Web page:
Having your identity stolen is one thing. Having your tax withholding stolen and then having to unravel this problem within the IRS is a major hassle. Try to stay vigilant and know that there are steps to help protect your tax records. Is there good news in all this? If the IRS pays out a refund to someone stealing your identity, they are on the hook for this loss, not you.
Beware of This New IRS Scam
The IRS recently announced a new scam to steal your money from theives posing as the IRS. Here is what you need to know to protect yourself.
Lost in the recent news regarding stolen identities at Snapchat and the credit and debit card theft at major retailers, is the dramatic increase in identity theft and scams using the IRS. One of the more recent scams announced by the IRS is worth noting.
Callers identifying themselves as the IRS phone you and disclose that you owe delinquent taxes. They say that unless there is immediate payment by debit or credit card you may be subject to immediate deportation, arrest, loss of a license or loss of your business.
Why does this work?
These callers sound legitimate and the scams are often fairly sophisticated. Per the IRS, the callers who commit this fraud often;
- Use common names and fake IRS badge numbers.
- Know the last four digits of the victim’s Social Security number.
- Make caller ID appear as if the IRS is calling.
- Send bogus IRS emails to support their scam.
- Call a second time claiming to be the police or DMV, and caller ID again supports their claim.
What can you do?
While the IRS never initiates communication via email, they sometimes do initiate contact via the phone. So what steps can you take to ensure this does not happen to you?
- Mail is the typical IRS contact vehicle. Initial communication with the IRS is most often the mail. Your fraud alert should go way up with a phone call or email.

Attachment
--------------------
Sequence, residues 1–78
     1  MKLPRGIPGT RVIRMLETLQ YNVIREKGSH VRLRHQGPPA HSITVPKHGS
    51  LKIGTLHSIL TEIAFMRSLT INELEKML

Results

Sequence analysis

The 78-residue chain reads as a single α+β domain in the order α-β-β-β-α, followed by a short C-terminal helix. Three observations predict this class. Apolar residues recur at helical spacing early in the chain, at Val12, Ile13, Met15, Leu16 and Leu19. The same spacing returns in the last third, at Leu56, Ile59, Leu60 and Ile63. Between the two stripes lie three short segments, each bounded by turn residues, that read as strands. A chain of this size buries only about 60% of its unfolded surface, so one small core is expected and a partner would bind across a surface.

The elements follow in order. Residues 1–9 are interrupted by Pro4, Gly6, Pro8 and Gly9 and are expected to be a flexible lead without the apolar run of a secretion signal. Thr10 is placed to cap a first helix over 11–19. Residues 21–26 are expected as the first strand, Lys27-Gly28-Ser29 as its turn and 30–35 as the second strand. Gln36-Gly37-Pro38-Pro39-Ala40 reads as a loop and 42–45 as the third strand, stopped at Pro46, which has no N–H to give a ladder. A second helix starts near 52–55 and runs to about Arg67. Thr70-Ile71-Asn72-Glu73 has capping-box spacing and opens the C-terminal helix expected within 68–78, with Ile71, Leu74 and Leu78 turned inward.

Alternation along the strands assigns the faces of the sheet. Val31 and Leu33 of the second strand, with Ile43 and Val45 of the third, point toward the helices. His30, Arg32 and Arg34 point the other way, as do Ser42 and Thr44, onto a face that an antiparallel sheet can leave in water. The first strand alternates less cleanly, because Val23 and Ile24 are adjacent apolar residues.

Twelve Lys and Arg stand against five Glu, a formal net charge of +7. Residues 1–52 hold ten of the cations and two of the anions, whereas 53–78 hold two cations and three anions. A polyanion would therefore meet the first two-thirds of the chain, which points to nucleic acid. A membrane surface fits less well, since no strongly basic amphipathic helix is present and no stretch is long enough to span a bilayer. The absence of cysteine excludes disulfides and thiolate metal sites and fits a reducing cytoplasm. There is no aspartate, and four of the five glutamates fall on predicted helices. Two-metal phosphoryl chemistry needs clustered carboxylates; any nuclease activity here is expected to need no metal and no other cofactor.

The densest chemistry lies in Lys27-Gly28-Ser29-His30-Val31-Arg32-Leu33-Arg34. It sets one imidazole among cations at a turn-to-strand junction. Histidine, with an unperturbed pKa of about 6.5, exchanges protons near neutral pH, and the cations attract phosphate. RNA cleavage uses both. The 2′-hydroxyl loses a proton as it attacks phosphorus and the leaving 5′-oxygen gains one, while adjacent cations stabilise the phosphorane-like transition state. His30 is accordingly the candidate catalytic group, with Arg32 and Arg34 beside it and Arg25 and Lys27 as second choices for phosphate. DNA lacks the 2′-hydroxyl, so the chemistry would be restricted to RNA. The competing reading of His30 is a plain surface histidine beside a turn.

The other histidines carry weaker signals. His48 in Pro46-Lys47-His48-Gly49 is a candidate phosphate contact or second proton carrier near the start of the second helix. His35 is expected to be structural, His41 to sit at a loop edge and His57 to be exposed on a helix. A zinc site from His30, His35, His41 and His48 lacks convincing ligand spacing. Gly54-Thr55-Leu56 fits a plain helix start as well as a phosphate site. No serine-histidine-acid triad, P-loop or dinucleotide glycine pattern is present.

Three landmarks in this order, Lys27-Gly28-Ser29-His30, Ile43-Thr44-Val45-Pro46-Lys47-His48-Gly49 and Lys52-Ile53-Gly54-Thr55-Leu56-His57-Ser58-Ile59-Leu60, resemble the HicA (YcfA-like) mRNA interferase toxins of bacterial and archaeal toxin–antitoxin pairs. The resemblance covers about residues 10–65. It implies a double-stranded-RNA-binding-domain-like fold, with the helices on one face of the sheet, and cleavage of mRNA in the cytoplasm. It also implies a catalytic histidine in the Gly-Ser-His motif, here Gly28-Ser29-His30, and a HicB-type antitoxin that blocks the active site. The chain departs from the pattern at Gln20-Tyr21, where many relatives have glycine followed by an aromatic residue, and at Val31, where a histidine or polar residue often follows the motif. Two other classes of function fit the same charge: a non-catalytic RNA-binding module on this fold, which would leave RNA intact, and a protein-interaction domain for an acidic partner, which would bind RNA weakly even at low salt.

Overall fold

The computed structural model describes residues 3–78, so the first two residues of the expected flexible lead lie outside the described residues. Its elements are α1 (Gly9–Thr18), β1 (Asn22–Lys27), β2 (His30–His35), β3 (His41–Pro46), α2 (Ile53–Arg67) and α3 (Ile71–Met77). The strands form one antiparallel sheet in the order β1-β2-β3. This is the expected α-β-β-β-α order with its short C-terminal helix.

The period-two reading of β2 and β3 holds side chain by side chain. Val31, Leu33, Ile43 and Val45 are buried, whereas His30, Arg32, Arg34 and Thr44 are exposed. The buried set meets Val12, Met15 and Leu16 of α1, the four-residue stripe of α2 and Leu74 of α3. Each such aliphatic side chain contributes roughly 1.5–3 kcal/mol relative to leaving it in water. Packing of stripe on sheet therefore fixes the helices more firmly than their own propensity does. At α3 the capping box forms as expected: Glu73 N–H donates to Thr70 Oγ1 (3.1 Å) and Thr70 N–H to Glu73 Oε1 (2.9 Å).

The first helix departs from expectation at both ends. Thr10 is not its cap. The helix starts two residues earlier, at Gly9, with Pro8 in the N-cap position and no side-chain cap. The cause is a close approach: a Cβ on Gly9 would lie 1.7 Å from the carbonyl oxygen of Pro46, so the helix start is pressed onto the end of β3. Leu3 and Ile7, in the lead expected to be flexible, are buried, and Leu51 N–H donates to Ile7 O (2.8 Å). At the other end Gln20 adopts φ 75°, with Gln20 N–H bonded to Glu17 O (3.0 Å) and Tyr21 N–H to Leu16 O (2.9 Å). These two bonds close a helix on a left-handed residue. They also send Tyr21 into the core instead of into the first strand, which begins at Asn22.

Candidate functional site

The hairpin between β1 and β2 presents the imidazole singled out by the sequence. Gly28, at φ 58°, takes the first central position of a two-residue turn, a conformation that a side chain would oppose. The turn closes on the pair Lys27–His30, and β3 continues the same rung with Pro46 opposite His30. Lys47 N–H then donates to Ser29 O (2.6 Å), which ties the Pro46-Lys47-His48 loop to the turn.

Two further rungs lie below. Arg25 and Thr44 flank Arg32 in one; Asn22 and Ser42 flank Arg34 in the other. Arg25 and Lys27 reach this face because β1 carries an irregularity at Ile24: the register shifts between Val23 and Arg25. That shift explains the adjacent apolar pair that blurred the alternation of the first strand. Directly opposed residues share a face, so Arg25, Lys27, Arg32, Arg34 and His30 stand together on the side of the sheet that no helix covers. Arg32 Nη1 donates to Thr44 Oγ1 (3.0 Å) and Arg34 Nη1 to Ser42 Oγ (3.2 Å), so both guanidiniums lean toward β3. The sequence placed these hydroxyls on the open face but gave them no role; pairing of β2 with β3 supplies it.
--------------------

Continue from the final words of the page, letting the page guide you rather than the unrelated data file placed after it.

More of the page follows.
- No personal information from you. Never give personal information to the caller. This is true even if the person calling sounds legitimate.
- Get their information. Get the caller to give you all the information they have on the case. Get their badge number. Also get the name of their supervisor and the division they work with at the agency. Then hang up.
- Initiate the contact. After hanging up, contact the IRS. You can then confirm whether the call was legitimate. Here are the legitimate contact points:
- Internet: www.irs.gov
- 1040 questions: 1.800.829.1040
- To report fraud: Treasury Inspector General for Tax Administration at 800-366-4484
If, by chance, the request appears to be genuine please ask for help prior to sharing any information. As the old adage goes, it is better to be safe than sorry.
Determining the value of items on your tax return is always open to interpretation. You do not want that to happen to you during an audit as it can lead to additional tax and penalties. Here are some tips to help defend your Fair Market Value (FMV)
“Fair market value (FMV) is the price that property would sell for on the open market. It is the price that would be agreed on between a willing buyer and a willing seller, with neither being required to act, and both having reasonable knowledge of the relevant facts.”
Source: IRS Publication 561
This is the standard the IRS uses to determine if an item sold or donated by you is valued correctly for income tax purposes. It is also a definition that is so broad that it is wide open to interpretation. The difficulty here, is if the IRS decides your FMV opinion is wrong, you are not only subject to more tax, but penalties to boot. Here are some tips to help defend your FMV in case of an audit.
Understand when it is used
Fair Market Value or FMV is used whenever an item is bought, sold, or donated that has tax consequences. The most common examples are:
- Buying or selling your home or other real estate
- Buying or selling personal property
- Buying or selling business property
- Establishing values of other business assets like inventory
- Valuing charitable donations of personal goods and property like automobiles
- Valuing bartering of services
- Valuing transfer of business ownership
- Valuing the assets in an estate of a deceased taxpayer
Ideas to defend your FMV determination
Here are some suggestions to help you defend your FMV determinations.
Properly document donations. FMV of non-cash charitable donations is an area that can easily be challenged by the IRS. Ensure your donated items are in good or better condition. Properly document the items donated and keep copies of published valuations from charities like the Salvation Army. Don’t forget to ask for a receipt (confirmation) of your donations.